88. Take the plunge into an undersea world off the Cíes Islands

Would you like to take a closer look at the wealth of life in Spain's seas? There's no better way than to take the plunge off the coast of the spectacular Cíes Islands. This is an experience that you will surely want to try at least once in your life, but if scuba diving is not for you, a good alternative way to observe the marvellous marine ecosystem is on board a glass-hulled boat, accompanied by gulls, cormorants and dolphins.



**89. Go for tapas in Calle Laurel, the very heart of Logroño**

To experience the true spirit of Logroño, don't leave town without visiting Calle Laurel. This street is the most famous, although in reality many in the area are full of bars and tabernas. A word of advice for newcomers: each establishment specialises in one or two tapas which Logroño's Association of Bar Owners have outlined in an official list which can be found online. Check it out to find out which have your favourites and accompany them with a glass of the finest Rioja.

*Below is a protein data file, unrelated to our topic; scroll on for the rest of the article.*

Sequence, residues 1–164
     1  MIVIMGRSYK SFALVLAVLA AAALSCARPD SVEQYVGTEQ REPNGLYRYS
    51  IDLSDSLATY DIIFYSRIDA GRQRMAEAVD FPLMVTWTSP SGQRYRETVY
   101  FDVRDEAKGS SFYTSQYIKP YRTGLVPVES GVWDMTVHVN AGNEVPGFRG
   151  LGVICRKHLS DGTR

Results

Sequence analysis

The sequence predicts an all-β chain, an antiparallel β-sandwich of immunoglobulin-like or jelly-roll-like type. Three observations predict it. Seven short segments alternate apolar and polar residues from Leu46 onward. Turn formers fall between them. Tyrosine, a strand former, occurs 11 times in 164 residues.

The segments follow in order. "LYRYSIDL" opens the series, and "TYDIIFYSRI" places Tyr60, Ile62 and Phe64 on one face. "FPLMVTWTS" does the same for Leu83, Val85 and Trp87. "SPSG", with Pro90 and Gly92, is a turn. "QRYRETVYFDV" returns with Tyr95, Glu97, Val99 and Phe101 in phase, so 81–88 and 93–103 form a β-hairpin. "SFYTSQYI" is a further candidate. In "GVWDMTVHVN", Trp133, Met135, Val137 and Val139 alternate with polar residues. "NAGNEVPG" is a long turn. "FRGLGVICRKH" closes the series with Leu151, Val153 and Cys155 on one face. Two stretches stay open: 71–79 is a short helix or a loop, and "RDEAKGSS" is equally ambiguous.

**90. Visit Melilla, the forgotten mecca of modernism**

Do you know which Spanish city has the most modernist buildings after Barcelona? The surprising answer is Melilla. Over 600 miles separate the two; however, Enrique Nieto, one of Gaudí's apprentices, moved to the city on the North African coast and transformed it completely. In the so-called Golden Triangle you will find some of the finest examples of this artistic movement. As well as admiring Melilla's architecture, this area is also the home to numerous shops in which to treat yourself to something special.


**91. Get to know Murcia's history in an entertaining way**

There is no doubt that Murcia has a millennia-old tradition, but did you also know that its streets are a veritable open-air history lesson? The city boasts a series of brightly-coloured plaques that tell the stories of heroic deeds, epic legends and local anecdote. If you're travelling with children, tracking them all down can become a fun game.


**92. Celebrate Sanfermines in Pamplona**